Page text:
Lord of the radio

Much has been said in praise of Dickie Attenborough, who so sadly died recently. The breadth of his activities, however, might not be so well known given how wide his net was cast.

Lord Attenborough, an icon of theatre and film, was also the founding chairman of the UK’s second “legitimate” commercial radio station,Capital Radio, which launched in London in the teeth of an economic blizzard, the miners’ strike and three-day week during the unhappy days of Edwards Heath’s government in 1973.

A measure of the man was that, the evening before the launch party, Lord Attenborough could be seen on his hands and knees in the corridors laying carpet tiles and later that day while the glitterati feasted and drank Champagne in the foyer, he took the time to come up to the newsroom where I was young duty editor and handed around a plate of sandwiches and orange juice.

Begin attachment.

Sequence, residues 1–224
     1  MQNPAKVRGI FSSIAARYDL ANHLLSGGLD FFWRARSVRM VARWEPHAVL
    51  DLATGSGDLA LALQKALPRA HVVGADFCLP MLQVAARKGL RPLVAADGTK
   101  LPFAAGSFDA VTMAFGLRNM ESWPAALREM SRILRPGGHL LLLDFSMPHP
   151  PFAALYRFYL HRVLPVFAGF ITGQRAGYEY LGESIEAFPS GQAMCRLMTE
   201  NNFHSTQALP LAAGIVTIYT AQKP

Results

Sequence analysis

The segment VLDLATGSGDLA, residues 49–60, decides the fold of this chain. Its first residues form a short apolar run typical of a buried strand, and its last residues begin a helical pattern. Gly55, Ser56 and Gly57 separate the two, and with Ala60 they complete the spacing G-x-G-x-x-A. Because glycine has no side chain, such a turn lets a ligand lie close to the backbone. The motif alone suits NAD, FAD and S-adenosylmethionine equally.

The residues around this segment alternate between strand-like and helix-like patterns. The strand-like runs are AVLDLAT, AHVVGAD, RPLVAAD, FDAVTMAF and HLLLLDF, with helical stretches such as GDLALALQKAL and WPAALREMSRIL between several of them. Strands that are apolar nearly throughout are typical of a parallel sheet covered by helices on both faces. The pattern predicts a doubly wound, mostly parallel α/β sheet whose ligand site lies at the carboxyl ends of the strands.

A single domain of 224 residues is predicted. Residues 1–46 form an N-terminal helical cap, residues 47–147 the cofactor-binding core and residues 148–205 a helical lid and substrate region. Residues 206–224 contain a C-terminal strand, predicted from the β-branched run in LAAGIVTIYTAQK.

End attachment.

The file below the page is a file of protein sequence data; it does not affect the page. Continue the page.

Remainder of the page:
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Later, when the station hit a cashflow crisis and the bank refused any further credit, Capital faced an end to its short childhood. Nothing daunted, Lord Attenborough jumped into his car, rushed home and took a painting off his wall, returned and slapped it down on the surprised manager’s desk. “Will that suffice as collateral?” he said. “That will do nicely,” said the manager, and Capital survives to this day at the centre of a vast radio empire.

By the by, rumour has it that the painting was a Picasso!


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